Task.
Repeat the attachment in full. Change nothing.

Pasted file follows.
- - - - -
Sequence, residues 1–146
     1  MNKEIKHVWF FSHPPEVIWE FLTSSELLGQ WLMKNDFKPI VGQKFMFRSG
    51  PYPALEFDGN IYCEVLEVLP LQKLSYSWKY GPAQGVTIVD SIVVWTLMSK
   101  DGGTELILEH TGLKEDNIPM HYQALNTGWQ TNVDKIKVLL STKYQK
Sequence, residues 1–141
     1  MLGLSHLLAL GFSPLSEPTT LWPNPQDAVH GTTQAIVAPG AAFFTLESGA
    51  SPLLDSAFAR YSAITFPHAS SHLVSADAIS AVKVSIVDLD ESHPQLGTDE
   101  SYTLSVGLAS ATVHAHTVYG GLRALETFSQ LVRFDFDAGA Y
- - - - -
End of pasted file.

Sequence, residues 1–146
     1  MNKEIKHVWF FSHPPEVIWE FLTSSELLGQ WLMKNDFKPI VGQKFMFRSG
    51  PYPALEFDGN IYCEVLEVLP LQKLSYSWKY GPAQGVTIVD SIVVWTLMSK
   101  DGGTELILEH TGLKEDNIPM HYQALNTGWQ TNVDKIKVLL STKYQK
Sequence, residues 1–141
     1  MLGLSHLLAL GFSPLSEPTT LWPNPQDAVH GTTQAIVAPG AAFFTLESGA
    51  SPLLDSAFAR YSAITFPHAS SHLVSADAIS AVKVSIVDLD ESHPQLGTDE
   101  SYTLSVGLAS ATVHAHTVYG GLRALETFSQ LVRFDFDAGA Y